Arbeit Macht Frei

Trip Start Aug 29, 2010
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16
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Trip End Oct 04, 2010


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Flag of Germany  , Brandenburg,
Wednesday, September 8, 2010

Today, we took a train up north outside the Berlin city limits to visit the Sachenhausen concentration camp, about 35km north. To begin with, the train ride itself was momentous for two reasons. First, as it began in East Berlin, went through West Berlin, and ended up in East Germany, the trip itself would've been impossible twenty years ago. Second, we arrived at the very same train station that prisoners were brought to starting in 1936. And the walk we took from the station to the camp was also the same walk taken all those years ago.

The entire experience was a profoundly sad one, not one that most tourists would take in Berlin, but one that we were glad to have taken. We learned about how the prisoners were treated: how they were deliberately given boots one or two sizes too small and shot if they tried to change them, how they were severely malnourished and unclothed and perpetually hungry, how they lived over 300 to a barracks designed to accommodate 120 men. The men were brought out for roll call twice a day, which could last hours, and in the winter several would freeze to death by the end.

We learned of the brutal efficiency in which prisoners were killed here. Sachenhausen was not a death camp, but it was a training ground for methods used elsewhere. At first, prisoners were simply led down a trench and mowed down with a machine gun. But this was first a waste of bullets, and second a great psychological strain on the SS officers as they had to see those they had to kill as humans. And so they redesigned the system so that the SS never had to make eye contact with their victims. Brutal efficiency. Over 50,000 people were murdered here during the Nazi era.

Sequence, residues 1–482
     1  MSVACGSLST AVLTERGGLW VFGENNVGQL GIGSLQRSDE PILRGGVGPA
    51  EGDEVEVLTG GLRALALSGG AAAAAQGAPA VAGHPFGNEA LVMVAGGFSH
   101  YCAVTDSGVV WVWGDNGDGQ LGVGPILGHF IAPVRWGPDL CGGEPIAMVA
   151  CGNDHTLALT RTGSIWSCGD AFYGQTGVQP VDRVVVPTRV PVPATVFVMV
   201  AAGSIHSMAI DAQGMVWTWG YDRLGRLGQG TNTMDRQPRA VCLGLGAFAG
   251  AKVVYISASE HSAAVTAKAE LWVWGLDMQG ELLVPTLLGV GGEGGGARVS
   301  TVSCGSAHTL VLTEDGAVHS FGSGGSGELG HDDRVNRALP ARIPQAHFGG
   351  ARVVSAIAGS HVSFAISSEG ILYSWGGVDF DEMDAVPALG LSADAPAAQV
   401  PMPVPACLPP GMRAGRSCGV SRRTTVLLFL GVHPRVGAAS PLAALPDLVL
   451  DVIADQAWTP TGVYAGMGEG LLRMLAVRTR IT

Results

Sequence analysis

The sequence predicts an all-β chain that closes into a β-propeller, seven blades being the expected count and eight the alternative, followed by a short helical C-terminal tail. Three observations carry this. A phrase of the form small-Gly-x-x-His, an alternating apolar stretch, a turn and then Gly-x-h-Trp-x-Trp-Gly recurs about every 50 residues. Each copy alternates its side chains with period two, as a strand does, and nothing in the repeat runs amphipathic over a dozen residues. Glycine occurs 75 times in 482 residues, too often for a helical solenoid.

Sadly the story doesn't even end there, as the Soviets also used the camp from 1945 to 1950, killing thousands more. There is a large monument erected onsite to the Communists killed at Sachenhausen, erected by the East Germans in 1961, a monument that is largely frowned upon as it ignores all the other people killed here. There is another monument, built more recently, that commemorates all the victims and depicts two prisoners dragging a third into the crematorium (as they had to do). It was very moving.

Our guide was excellent, and as we later learned had a very personal connection to the camp. He was German, and members of his father's family were SS guards elsewhere, and members of his mother's family were killed at Sachenhausen. It must take great strength to be able to give this tour three times a week.

Like I said earlier, it was a profoundly sad experience for all of us (Tina especially because she got stung by a Nazi bee, but she's alive, don't worry). One we won't soon forget.
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Comments

trc on

I could not have written it better. I felt this way when I went to Dachau

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